Python Address Table Access on ConnectPort X4

Dear Community,
I have a network of Zigbee Pro 2007 end devices that is coordinated via a ConnectPortX4. The mapping between the MAC address and NWK address of each end device is of use to me, and I would like to know how one accesses the address table of the X4 via the python environment.

As you may recall, you can use socket.recvfrom() to get APS payloads from an end device along with its address. However, the address returned is only the NWK address, which is not an absolute reference because it is assigned by the coordinator.

Upon network joining, a MAC address is sent once, but one cannot know for certain which NWK address it corresponds to in the subsequent received messages. Hence the dilemma.

How does one access the coordinator’s NWK address to MAC address mapping in python?

If I understand you correctly, all you need to do is set the AO=1 in the XBee, and it will always issue you the API frame 0x91 which includes the full MAC+NWK+Cluster+Profile (etc).

See this Wiki page:

Note that you receiving a 0x91 is UNRELATED to you sending either 0x10 or 0x11. The receive form 0x90 without the MAC is just a historical/legacy feature for users migrating from the older XCite/XStream technologies. The 0x11/0x91 style message always moves across the RF channel.

Thanks for this input. How would I do the equivalent of setting AO=1 if my firmware is set to API mode?

You can use XCTU to just set it.

Or use the “AT Command” API frame (0x08) to first write AO to 0x01, then repeat for the “AC” (with no value) and then “WR”. The change is permanent so you only have to do once.

Call me clueless, but I have connected to my device via both XCTU and DigiESP. I have tried to use “AO=1” on the terminal, but the command is not recognized.

Is there a way you programmatically set this flag in Python? Is there a specific firmware version you need to set this flag?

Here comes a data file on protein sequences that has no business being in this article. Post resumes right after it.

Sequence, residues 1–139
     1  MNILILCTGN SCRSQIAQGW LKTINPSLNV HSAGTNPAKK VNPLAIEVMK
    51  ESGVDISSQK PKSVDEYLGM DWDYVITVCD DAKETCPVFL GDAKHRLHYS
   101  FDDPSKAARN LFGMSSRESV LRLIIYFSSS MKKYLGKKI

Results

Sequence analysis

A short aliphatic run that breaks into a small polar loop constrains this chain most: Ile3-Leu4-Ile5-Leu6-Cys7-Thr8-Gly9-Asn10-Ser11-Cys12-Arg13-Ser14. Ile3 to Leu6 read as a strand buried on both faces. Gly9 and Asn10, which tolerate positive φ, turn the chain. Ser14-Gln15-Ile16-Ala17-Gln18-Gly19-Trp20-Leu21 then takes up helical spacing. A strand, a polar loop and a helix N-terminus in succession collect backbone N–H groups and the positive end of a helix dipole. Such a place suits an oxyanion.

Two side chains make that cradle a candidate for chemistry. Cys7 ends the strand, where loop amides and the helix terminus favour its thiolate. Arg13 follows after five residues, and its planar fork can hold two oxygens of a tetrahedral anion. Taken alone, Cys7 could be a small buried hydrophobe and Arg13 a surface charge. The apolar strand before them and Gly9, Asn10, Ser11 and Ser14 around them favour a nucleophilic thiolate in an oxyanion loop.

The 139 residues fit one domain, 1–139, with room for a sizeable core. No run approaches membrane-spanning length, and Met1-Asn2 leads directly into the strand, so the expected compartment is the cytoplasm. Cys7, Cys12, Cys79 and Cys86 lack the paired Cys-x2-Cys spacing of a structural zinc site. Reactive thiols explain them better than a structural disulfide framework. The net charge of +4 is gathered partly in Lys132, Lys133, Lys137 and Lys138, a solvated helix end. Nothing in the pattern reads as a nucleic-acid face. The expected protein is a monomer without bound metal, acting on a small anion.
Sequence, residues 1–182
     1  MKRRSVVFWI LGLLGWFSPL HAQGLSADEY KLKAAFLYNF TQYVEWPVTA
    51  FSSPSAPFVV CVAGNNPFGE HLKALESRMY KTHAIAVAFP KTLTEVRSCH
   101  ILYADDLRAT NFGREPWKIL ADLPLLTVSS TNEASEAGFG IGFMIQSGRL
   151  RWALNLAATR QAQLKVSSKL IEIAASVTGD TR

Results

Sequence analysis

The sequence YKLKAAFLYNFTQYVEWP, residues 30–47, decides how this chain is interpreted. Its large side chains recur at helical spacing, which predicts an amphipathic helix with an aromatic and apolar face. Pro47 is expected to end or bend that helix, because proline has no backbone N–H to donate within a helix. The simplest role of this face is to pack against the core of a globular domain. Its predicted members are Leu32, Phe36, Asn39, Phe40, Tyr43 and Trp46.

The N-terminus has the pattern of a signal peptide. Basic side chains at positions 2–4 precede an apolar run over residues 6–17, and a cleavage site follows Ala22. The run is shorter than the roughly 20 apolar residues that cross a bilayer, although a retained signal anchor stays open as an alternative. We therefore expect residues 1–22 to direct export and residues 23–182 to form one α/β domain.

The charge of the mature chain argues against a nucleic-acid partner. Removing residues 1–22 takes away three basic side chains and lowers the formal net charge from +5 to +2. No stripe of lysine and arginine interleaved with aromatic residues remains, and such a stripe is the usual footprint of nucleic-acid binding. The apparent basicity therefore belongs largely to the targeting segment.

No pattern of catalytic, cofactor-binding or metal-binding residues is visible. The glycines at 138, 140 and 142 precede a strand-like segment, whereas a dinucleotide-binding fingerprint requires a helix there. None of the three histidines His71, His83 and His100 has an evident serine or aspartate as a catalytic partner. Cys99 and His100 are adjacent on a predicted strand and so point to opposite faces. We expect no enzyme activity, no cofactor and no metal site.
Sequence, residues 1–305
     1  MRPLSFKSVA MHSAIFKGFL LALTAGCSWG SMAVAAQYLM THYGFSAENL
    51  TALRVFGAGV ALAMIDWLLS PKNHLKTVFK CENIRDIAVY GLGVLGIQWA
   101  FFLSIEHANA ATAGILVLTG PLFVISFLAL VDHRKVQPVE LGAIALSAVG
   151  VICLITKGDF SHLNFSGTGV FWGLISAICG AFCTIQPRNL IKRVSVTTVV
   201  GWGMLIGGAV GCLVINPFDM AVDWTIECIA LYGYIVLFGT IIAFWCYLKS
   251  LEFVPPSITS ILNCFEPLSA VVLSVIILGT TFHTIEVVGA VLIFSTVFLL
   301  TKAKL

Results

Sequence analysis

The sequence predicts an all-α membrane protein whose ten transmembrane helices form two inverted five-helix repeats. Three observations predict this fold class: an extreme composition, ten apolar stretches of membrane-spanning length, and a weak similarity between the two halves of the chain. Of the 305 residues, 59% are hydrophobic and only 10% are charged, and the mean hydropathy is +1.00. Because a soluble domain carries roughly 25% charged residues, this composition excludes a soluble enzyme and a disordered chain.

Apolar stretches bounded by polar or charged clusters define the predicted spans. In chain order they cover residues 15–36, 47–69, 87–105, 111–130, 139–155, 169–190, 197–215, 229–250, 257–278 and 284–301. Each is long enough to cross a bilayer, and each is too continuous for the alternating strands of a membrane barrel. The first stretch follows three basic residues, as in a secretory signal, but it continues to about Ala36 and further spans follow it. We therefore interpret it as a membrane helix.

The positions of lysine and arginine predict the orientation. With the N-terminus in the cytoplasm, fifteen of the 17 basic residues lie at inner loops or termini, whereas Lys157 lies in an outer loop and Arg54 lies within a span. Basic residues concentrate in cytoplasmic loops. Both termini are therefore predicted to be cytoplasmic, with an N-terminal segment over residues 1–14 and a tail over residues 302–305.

Normally, the Xbee in an X4 should already have AO=1.

On the X4 you can do most things via:

From Python you’d use the xbee module to read/write ‘AT’ commands in the local (X4’s) or remote XBee:

Thanks for all the info. The full MAC address comes through consistently for my TI Z-stack-based routers. However, my TI end devices just show the NWK address when their packets come through the socket. They must have some crazy flag set that prevents them from transmitting their MAC address. Go figure.

The NWK IS used as a short-cut to speed up routing, since scanning 16-bit addresses in a table is much faster than 64-bit MACs. The Digi X4 and XBee hide such details from the user, so even if you submit a request with MAC, they use the NWK if known. Your TI stack apparently assumes you’ll do all of that.

But check the code you have, I’d assume they do include some form of ‘cache’ which you could query to convert MAC to NWK or vis-versa. Every Zigbee customer would need it sooner or later.

On the X4, you can also do things like this:

Thanks lynnl.

I have actually already looked at the code you linked.

The main function of importance in that code is


which returns a list of node objects with all the relevant address info. The problem with this function is it only returns XBee nodes on the network.

I imagine there is some low-level call that can be made (perhaps not in python) which actually returns all the nodes. The web interface hosted by the coordinator generates an XBee Network HTML page that displays all nodes on the network.

So the functionality I am looking for exists in the X4, it just may not be accessible at the python level.

Update: The function zigbee.getnodelist(refresh = True) seems to send the FULL list of nodes when I pass a value of False i.e.

zigbee.getnodelist(refresh = False)

Go figure!

If you are really interested in node lists - search the forum for “neighbor tables” - a common topic.

You can 9as example) go to teh X4’s XBee and ask for a table of all known ‘neighbors’ (aka: routable destinations). Given this list, you can recursively ask other routers for their neighbors and build an image of the mesh, of which routers can see each other.